Not only do these devices allow interaction with the real world (rather than causing people to disconnect from it as is often assumed), they also afford a high degree of personalisation, especially in a BYOD setting. Dave Gatrell showed this in his talk ‘It’s MALL and it’s Wonderful’ with a mobile twist on the classic ‘Just a Minute’ game. Participants were challenged to find photos on their devices and then describe them for 60 seconds without pausing, repetition, or deviation from the topic. The use of personal photos definitely helped provide more engagement than a random topic and there is no need to ask your students to bring photos in as they already have them in their pockets!

Here are some other apps I saw in action at IATEFL and made a note of for future use:

Thinglink – an app demoed by Rolf Tynan at the LTSIG PCE. I have already discussed this one on my post about that day but in brief, it allows students to take photos and make them interactive by adding text, video clips, web links and more to them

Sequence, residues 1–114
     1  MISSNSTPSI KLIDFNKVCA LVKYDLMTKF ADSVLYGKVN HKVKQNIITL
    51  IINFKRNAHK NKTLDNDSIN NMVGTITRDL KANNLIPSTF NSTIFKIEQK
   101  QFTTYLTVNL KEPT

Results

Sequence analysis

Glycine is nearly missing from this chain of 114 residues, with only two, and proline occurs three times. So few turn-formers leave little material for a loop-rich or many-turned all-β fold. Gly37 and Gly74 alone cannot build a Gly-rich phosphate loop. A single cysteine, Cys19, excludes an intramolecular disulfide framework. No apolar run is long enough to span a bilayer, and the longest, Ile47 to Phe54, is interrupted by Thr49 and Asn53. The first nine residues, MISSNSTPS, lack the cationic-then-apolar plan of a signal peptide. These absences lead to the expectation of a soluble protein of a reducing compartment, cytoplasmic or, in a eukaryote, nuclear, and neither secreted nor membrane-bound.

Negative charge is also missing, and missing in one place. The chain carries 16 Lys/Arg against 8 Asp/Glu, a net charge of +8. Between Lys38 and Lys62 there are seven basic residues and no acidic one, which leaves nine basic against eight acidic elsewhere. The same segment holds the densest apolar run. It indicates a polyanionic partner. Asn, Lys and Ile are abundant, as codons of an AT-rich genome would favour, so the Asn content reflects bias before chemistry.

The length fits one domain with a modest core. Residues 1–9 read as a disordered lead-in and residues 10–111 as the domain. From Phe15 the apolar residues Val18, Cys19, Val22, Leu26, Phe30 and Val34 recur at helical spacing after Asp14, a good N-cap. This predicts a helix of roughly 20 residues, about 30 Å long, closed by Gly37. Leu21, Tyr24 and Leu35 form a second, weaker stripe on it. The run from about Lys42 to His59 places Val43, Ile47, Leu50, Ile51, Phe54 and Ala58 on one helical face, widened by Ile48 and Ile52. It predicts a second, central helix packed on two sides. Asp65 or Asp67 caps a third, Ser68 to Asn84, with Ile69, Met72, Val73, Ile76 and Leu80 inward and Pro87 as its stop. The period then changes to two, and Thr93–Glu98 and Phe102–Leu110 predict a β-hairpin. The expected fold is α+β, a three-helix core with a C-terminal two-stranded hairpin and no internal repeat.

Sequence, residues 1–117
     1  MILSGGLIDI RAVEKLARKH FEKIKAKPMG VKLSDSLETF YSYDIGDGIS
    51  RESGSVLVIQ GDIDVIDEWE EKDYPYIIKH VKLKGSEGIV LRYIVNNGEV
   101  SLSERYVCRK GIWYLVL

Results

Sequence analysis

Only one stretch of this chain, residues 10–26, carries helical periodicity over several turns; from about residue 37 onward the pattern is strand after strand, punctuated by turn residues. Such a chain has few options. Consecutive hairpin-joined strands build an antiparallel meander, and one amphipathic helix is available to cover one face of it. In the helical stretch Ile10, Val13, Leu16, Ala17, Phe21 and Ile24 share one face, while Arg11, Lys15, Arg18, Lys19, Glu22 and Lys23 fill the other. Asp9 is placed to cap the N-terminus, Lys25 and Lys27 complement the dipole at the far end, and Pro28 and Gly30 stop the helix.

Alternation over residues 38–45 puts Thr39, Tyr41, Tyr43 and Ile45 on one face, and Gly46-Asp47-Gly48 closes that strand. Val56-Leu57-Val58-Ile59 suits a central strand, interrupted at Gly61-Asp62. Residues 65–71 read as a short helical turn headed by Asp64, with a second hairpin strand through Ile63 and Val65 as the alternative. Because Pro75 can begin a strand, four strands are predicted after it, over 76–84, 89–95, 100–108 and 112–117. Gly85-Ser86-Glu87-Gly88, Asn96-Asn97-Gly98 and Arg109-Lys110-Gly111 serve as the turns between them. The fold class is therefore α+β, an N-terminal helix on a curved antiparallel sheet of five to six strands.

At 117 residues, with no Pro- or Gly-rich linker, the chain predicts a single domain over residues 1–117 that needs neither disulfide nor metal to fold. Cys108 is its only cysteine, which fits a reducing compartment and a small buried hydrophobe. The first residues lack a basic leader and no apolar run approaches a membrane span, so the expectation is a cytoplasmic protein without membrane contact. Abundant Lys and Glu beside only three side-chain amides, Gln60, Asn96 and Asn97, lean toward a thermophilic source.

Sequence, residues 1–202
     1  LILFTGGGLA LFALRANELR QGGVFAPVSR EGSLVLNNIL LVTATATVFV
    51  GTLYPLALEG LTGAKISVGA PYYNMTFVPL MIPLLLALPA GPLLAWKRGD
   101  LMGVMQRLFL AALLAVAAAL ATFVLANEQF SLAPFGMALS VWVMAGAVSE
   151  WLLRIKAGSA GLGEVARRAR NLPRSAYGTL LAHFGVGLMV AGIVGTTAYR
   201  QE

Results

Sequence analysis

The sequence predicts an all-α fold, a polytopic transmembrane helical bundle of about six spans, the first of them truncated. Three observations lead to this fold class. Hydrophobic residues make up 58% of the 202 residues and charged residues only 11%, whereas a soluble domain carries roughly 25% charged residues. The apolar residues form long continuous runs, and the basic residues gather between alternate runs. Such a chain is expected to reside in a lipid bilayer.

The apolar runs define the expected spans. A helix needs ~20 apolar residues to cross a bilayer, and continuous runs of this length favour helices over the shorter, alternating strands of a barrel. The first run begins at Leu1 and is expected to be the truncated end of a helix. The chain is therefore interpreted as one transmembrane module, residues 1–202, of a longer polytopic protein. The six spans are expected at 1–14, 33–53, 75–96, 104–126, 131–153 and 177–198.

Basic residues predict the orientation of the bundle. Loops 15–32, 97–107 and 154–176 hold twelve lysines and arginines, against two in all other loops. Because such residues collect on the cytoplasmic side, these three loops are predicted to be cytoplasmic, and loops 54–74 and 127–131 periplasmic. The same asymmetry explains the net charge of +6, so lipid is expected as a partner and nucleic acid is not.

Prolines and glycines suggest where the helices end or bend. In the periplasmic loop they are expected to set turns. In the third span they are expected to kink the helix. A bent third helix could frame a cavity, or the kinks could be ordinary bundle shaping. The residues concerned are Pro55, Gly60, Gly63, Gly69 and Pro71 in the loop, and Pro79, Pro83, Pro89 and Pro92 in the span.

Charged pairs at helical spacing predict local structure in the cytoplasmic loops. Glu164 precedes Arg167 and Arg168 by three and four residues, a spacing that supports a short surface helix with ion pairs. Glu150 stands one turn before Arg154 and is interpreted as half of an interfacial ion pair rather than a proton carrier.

Telligami – this was shown by Vicky Samuell (also at the LTSIG event!) and by Dave Gatrell in his talk. In the app, you can create an avatar and make a text-to-speech or audio recording to get it to talk. Vicky showed us examples of how her students had used it to introduce themselves and talk about their lives. As I have discovered with game avatars, this can provide a great way for shy students to open up more or even get into another character and produce extended spoken work. Dave also showed us how his students had used the app to present themselves as characters from stories and also how he used it for an avatar dictation in which he would describe his avatar while the students listened and tried to recreate it. Great ideas!

Aurasma – the aforementioned app used by Paul Driver for his AR projects.

Vine – as mentioned in my summary of the talks on video, a simple app for making six-second videos.

Of course, it is not the apps themselves that matter so much. However, these talks and these examples have given me some great ideas and provided me with the impetus to investigate more and examine some other apps with potential for use in the classroom and beyond.